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Open Letter To Brown University

Dear President Paxson & Professor Bogue,


I have reviewed the groundbreaking report on slavery and justice. While I agree with much of your institutional approach to addressing the Brown legacy in slavery, a hidden element of chattel slavery must be revisited: the long-term genetic consequences of slave breeding, specifically the spread of sickle cell disease.


Bantu farmers along the Niger River delta cultivated yam, plantain, and other culturally specific foods that managed sickle cell noninvasively, countering falciparum malaria. The slave trade disrupted this genetic journey toward environmental harmony, enriching the Brown family while undermining the sickle cell trait.


Despite James Brown's wealth accumulation through the transatlantic slave trade, our Brown family, entrenched in slavery's legacy, found themselves subjugated, unable to grasp the concept of plant, people and parasite co-evolution practiced by our Bantu Congo ancestors.


While I applaud Brown University for taking accountability for its role in crimes against humanity, there has been no mention of chattel slavery's breeding farms' impact on genetics, particularly sickle cell disease. James Baldwin's words remind us that history shapes our structure of life and society. This quote serves as a metaphor for understanding sickle cell's relationship to chattel slavery, as our lives are shaped by a molecular disease spread in bondage as livestock.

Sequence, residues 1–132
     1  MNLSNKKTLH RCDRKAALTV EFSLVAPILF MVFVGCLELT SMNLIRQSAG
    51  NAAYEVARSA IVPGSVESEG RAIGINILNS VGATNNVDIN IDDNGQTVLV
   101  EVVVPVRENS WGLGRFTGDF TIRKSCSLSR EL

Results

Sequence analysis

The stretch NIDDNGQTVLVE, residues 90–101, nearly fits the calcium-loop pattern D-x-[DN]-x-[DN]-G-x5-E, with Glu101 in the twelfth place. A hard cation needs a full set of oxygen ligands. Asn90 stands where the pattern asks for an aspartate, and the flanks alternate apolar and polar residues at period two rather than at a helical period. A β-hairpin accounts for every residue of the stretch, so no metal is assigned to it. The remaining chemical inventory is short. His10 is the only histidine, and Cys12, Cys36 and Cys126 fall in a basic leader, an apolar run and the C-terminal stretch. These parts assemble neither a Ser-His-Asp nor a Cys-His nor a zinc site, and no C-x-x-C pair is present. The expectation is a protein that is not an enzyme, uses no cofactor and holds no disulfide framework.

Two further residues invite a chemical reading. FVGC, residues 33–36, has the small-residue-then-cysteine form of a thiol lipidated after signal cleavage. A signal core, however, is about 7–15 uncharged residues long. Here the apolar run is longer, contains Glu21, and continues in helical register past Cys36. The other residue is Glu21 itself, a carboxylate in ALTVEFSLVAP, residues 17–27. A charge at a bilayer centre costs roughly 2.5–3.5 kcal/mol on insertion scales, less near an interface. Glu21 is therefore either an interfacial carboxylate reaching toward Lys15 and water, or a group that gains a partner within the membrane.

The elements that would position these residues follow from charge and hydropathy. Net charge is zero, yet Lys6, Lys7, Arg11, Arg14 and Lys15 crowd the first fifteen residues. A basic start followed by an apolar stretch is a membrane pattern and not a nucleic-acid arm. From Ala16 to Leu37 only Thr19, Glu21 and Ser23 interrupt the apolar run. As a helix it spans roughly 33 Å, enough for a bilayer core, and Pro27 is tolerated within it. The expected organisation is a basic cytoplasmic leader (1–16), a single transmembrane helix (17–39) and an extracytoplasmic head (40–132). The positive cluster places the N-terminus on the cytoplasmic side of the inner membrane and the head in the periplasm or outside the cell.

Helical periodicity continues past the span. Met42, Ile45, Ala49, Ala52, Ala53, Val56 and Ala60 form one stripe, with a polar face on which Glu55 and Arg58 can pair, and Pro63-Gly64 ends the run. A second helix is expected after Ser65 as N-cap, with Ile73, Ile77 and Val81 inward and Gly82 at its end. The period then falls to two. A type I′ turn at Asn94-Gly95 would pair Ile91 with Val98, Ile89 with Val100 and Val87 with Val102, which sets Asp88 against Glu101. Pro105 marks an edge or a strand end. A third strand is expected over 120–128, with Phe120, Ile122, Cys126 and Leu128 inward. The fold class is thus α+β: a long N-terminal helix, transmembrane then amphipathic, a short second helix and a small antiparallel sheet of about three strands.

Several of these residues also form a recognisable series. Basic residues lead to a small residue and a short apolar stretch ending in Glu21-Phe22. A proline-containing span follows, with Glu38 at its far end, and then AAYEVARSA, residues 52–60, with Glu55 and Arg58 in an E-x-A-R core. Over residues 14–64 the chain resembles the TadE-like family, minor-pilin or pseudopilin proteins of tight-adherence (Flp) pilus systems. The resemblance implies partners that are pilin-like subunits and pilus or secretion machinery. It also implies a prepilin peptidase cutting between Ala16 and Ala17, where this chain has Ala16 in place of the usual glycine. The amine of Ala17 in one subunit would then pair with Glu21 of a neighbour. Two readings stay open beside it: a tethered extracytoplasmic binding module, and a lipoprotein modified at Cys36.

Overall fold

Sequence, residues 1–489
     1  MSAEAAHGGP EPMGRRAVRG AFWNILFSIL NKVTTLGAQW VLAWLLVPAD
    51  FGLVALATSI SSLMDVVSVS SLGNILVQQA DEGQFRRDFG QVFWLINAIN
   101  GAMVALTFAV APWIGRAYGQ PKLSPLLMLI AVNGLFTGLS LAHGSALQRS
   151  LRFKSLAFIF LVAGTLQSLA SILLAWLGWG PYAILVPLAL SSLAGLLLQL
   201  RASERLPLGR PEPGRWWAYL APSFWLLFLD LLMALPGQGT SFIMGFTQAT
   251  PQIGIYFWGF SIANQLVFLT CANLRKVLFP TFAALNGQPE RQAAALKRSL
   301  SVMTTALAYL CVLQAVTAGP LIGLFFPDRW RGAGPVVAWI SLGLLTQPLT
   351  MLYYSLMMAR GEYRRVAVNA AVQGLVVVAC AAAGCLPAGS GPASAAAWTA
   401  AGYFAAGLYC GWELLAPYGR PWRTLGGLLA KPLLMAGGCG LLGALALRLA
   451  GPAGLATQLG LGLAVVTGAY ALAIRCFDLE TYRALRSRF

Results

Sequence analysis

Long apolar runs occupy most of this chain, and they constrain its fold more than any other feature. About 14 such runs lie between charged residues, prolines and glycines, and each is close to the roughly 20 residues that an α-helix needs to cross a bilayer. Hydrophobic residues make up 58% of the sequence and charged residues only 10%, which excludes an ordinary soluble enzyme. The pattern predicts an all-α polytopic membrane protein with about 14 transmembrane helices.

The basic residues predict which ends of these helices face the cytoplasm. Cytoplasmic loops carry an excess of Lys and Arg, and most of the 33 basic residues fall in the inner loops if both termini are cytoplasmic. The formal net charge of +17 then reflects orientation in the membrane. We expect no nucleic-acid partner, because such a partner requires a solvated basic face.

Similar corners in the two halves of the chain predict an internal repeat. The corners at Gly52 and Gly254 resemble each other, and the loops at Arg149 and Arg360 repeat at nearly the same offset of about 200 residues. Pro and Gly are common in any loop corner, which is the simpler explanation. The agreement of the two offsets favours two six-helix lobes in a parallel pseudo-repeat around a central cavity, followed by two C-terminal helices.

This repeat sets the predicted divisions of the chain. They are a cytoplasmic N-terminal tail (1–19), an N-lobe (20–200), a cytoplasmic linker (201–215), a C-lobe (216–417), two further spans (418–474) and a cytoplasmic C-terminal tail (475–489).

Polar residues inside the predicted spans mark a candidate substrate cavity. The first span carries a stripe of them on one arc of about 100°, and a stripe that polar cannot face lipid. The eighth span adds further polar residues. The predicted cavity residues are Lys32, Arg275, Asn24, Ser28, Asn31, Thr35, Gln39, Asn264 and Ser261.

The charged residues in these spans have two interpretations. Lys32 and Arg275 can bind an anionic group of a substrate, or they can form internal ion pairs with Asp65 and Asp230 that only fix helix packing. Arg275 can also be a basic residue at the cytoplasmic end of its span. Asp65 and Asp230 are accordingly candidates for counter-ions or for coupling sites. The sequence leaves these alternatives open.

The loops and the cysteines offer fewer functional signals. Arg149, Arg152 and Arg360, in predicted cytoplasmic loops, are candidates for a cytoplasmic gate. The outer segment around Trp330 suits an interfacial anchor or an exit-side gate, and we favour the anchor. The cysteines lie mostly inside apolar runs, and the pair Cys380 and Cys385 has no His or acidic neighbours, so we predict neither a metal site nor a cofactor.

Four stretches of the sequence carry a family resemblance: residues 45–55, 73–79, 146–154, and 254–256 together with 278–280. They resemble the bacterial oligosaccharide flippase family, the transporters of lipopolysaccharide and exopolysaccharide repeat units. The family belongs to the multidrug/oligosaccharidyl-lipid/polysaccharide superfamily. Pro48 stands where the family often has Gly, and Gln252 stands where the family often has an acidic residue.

Brown's Center for Continuing Research on Slavery and Justice has ambitious goals, but there's ample space to address the inherited blood disorder remaining a legacy of the Brown family's intergenerational wealth-building enterprise.


What kind of justice work should we do now?


As a member of the sickle cell community, I propose a solution not yet covered in the groundbreaking Slavery and Justice Report. This solution explores Brown’s relationship to American slavery, focusing on land sovereignty and food justice principles.


In community,


Christen Brown

Creative Director

Creation of Society

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